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Here’s what Donald Trump said in his foreign policy speech

A speech heavy on emphasis on fighting Islamist terrorism and cooperation with Russia shows genuine realism insight but still suffers from some outdated ideas and policies which have not been thought through.

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Yesterday, Donald Trump delivered a lengthy speech on his foreign policy plans. The speech was in many ways a mixed bag, combining some sentient and clear points with a few misunderstandings as well as some curious omissions. Here are the key points ranked on Trump’s preferred scale of 1 out of 10.

Russia: Unlike Hillary Clinton who blames all of her personal woes as well as most global crises on Russia, Trump did not mention let alone criticise Russia’s internal nor foreign policies. He instead reiterated one of his long standing points that cooperation with Russia on ISIS can only be a good thing and that seeing Russia as a partner rather than adversary is advisable. 10/10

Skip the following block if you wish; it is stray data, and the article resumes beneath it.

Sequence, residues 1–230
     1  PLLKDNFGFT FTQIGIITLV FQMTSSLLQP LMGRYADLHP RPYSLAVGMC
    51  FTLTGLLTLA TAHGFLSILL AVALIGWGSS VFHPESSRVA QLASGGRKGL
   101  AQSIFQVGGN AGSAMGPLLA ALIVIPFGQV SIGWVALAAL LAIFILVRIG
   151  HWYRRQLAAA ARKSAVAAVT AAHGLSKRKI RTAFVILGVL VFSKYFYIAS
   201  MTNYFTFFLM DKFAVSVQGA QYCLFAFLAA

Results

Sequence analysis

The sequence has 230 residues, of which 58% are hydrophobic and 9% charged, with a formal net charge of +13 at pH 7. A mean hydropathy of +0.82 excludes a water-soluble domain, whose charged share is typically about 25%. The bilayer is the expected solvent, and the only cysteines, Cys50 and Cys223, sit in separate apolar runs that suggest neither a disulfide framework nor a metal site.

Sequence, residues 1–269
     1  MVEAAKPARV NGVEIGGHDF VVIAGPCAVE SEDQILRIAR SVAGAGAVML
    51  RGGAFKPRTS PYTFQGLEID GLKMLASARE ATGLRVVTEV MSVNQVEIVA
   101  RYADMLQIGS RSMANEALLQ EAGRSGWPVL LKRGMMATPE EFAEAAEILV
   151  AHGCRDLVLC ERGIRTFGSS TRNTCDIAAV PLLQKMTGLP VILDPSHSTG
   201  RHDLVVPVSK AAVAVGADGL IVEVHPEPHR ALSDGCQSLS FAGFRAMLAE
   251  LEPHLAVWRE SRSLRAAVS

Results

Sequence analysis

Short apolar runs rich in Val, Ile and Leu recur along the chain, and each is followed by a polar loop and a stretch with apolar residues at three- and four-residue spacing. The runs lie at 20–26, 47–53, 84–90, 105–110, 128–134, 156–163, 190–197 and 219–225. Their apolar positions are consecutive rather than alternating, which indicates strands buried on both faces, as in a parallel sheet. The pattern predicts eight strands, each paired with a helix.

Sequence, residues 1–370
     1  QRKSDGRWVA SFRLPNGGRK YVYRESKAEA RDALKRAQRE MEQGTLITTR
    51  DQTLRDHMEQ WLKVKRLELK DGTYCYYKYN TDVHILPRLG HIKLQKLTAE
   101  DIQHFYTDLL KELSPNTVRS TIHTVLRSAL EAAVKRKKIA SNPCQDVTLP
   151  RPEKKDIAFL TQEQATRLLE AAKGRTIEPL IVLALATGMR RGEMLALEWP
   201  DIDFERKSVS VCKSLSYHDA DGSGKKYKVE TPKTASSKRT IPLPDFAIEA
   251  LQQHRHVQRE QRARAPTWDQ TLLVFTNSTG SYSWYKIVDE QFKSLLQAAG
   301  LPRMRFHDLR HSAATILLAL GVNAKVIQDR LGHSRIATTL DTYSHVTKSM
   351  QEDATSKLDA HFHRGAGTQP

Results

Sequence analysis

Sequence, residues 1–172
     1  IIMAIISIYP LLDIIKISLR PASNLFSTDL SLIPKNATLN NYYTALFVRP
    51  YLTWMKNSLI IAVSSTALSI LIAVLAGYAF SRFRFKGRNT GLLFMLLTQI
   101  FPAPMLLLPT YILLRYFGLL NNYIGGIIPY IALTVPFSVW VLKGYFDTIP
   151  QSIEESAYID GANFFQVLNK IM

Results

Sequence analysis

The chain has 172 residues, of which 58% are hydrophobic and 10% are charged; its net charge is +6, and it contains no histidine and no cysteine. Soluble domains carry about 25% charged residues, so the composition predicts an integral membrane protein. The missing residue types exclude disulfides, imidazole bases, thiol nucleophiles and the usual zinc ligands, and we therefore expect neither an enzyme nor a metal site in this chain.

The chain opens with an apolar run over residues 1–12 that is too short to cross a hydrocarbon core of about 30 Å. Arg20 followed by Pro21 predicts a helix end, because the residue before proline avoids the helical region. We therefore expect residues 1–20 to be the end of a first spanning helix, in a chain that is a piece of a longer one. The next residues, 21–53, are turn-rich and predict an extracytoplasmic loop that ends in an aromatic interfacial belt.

Iran: Trump’s views on Iran are hopelessly out of date. He referred to Iran as the world’s biggest state sponsor of terrorism which simply isn’t true. Saudi Arabia and their allies in the Gulf through their exporting of Wahhabism into countries where this medieval version of Islam is totally alien, and their continued attempts to destabilise secular Arab states, represent a far bigger example of exporting terrorism than anything Iran has done recently.

Ukraine, which Trump didn’t mention, is also a manifestly more prominent sponsor of terrorism than Iran. Whilst Trump has dropped the Obama/Clinton line that ‘Assad must go’, he fails to understand that the most concerted alliance fighting ISIS includes not only Russia but also Iran, the Syrian government and Hezbollah.

Trump did however grasp the fact that it has been through the weakening of the strong secular Arab states of Iraq and Syria (policies of both the Bush and Obama governments) that Iran has been allowed to take her place as a key regional player in the Middle East. 2/10

Arab Allies: Unlike Obama whose political interference in the Arab world has weakened secular Arab states, Trump pledged to support such states and referred to them as allies. Interestingly he contrasted such ‘allies’ with the enemy of Iran. Whilst this is understandable in the context of contemporary American politics, one could be forgiven for thinking this part of the speech was based around a political map of the Arab world from 1986 rather than 2016.